Protest mob is enjoying rich diet
Via New York Post: They may sleep in the park, but they eat like kings. Hundreds of grimy protesters laying siege to Wall Street and stuffed into the now-smelly Zuccotti Park dine each night on gourmet meals prepared by a former hotel chef using only the finest organic ingredients.
“The other day, we made some wonderful salmon cakes with dill sauce and some quinoa salad and a wonderful tomato salad with fennel and red onion,’’ he said. “We use organic, grass-fed meats, and the other day, we made a wonderful fried rice and root vegetables and all kinds of soup.”
So last night, for example, while your family of four may have been forced to resort to Hamburger Helper, thanks to Smith’s culinary magic, hordes of Occupy Wall Street protesters instead feasted on organic chicken, spaghetti Bolognese, roasted beet and sheep’s milk-cheese salad and wild heirloom potatoes.
Most of the produce, grass-fed meat and organic chicken is donated from small organic farms upstate, including Northland Sheep Dairy, West Haven Farm and Wide Awake Bakery in Ithaca, and several farms in Connecticut and Vermont. When food is ready for the protesters, a driver collects crates from each of the cooperative farms and drives to New York City with a truckload of goodies.
At the beginning, the group did much of its cooking in people’s homes. “Then, we had the ‘99 percent’ march on the Brooklyn Bridge, and there were so many people after that it wasn’t realistic to cook in private homes anymore,” said Heather Squire, 31, an unemployed, off-site kitchen coordinator from Williamsburg.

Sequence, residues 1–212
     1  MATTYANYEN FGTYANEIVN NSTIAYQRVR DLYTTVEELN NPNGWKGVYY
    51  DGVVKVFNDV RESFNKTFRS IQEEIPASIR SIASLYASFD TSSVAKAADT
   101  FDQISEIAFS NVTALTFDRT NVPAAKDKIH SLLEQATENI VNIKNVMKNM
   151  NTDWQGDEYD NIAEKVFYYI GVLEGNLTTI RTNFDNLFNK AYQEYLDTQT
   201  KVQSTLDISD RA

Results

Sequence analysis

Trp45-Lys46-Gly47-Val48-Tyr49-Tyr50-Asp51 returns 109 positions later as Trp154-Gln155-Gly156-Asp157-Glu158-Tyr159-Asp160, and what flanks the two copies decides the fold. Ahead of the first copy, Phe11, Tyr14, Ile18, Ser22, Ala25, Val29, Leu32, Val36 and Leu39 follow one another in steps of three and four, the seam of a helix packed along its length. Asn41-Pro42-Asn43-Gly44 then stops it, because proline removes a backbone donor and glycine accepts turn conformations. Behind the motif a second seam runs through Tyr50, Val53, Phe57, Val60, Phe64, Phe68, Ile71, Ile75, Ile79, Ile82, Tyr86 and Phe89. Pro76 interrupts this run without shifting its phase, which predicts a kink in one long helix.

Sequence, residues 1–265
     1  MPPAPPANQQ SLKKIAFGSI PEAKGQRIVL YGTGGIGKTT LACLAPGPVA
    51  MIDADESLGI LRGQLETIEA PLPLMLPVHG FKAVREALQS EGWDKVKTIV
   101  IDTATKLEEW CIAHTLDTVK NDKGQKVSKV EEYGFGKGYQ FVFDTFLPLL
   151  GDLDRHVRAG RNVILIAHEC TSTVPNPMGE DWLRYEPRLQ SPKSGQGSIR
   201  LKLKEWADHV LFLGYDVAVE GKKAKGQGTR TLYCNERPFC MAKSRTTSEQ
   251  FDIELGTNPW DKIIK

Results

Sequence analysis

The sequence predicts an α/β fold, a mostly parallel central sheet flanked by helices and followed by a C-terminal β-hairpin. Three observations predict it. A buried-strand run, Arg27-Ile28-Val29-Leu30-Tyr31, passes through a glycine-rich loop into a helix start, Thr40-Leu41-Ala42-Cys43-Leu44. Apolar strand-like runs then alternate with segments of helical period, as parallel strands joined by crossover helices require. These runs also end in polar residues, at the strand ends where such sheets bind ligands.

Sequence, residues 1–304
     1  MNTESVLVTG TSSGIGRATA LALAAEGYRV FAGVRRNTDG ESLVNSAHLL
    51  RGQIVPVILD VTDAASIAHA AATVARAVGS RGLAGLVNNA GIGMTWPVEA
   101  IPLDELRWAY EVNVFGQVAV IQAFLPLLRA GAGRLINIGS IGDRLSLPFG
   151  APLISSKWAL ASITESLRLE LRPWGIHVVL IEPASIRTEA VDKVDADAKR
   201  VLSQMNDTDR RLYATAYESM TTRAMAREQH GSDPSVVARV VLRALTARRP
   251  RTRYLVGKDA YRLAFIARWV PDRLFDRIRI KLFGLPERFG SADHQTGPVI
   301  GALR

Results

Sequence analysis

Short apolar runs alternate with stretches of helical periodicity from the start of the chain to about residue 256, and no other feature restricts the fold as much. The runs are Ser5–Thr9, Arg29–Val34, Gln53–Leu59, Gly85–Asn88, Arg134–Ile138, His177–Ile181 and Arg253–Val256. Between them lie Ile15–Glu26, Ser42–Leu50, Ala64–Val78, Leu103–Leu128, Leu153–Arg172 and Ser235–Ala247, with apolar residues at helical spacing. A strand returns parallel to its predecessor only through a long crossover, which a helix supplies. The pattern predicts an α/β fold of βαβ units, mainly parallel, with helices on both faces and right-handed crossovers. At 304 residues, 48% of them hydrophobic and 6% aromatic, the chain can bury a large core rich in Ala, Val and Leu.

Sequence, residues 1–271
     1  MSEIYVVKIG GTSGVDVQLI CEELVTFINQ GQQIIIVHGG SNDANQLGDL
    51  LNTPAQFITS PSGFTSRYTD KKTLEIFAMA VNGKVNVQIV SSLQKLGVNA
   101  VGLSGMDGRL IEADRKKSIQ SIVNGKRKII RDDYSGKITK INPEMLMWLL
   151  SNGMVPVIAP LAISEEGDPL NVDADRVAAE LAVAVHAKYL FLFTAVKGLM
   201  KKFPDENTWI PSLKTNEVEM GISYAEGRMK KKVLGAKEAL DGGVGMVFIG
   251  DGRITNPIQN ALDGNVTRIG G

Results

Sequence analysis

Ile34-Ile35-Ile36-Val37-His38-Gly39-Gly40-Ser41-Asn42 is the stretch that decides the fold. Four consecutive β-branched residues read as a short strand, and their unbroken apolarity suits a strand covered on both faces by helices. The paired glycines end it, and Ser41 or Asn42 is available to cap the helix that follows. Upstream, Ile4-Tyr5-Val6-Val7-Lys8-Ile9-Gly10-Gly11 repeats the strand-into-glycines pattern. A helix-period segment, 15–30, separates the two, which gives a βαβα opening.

On Saturdays, when the protester ranks swell, up to 12 cooks stir the pots. A driver then picks up the meals, and the food is served by 7 p.m. Monday to Saturday. “It was so exciting that right at this moment of all this anxiety about how we’re going to feed all these people, someone stepped up to help,” Squire said.
These protestors should be ashamed. How many homeless and underprivileged families could be fed with this food?
In February of this year, the Daily News reported that the number of New Yorkers on food stamps soared to a record 3 million – an 11% jump from 2009 and a 65% increase in the past five years.
According to The Coalition for the Homeless’ “State of the Homeless” report, which was released in April 2011, more than 113,000 city residents were living in shelters last year — an increase from nearly 105,000 in 2009. Number of people in homeless shelters in New York: 39,000. Number of children in New York shelters: 16,000.
Glad to know these volunteers are prioritizing their efforts, supporting those “in need”.